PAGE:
Companies wishing to benefit from the salary compensation scheme must, as previously, send employees home with their full salary during the salary compensation period. Employees may be sent home with one day’s notice. At the same time, it is also a condition that employees do not perform any work during the salary compensation period.

Pursuant to the salary compensation scheme, companies will receive:

  • Up to 75 % (but maximum DKK 30,000) for employees subject to the Salaried Employees Act
  • Up to 90 % (but maximum DKK 30,000) for employees not subject to the Salaried Employees Act

Holiday during the compensation period

As part of the Act, employees covered by the scheme had to take up to five days of accrued holiday, or subject to individual agreement holiday which has not yet been accrued, and/or time of in lieu of accrued overtime. Alternatively, employees could also elect to take unpaid time off. During this period, the company will not receive salary compensation payments. It’s important to note that the period of five days is based on the maximum three-month period under the scheme wherefore the number of days to be taken will decrease proportionally depending on the period which the company applies for. At the same time, the requirement to take five days off would not apply if the company already had concluded an agreement on salary reduction with the employee representative or the affected employees before applying under the salary compensation scheme. Days off were required, in any case, to be planned pursuant to negotiations with the employee and in case of disagreement, the company may allocate the days proportionally over the salary compensation period.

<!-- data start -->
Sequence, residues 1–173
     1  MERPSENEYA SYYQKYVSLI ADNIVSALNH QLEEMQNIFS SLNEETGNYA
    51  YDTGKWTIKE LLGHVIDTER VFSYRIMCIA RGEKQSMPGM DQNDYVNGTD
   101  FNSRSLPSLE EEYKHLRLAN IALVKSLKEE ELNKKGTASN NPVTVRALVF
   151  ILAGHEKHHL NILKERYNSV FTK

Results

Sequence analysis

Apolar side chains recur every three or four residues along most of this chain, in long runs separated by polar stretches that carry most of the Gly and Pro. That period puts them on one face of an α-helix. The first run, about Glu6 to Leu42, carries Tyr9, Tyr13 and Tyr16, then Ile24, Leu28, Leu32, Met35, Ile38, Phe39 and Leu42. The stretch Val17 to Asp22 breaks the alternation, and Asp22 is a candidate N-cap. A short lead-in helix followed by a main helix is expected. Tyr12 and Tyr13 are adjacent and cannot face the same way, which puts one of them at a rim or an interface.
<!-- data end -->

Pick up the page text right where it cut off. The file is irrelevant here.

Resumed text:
As part of the new decision to phase out and extend the salary compensation scheme, companies must be aware that the requirement to take holiday remains – but with up to a maximum of 15 days of holiday per employee. This means that companies can only receive salary compensation for up to one month per employee during the prolonged period, before it ceases to exist. Because the prolonged period stretches over the summer holiday, affected employees must take up to three weeks of paid holiday, unless the employee has not accrued holiday under the Salaried Employees Act. Irrespectively, companies will not receive compensation during the three-week period.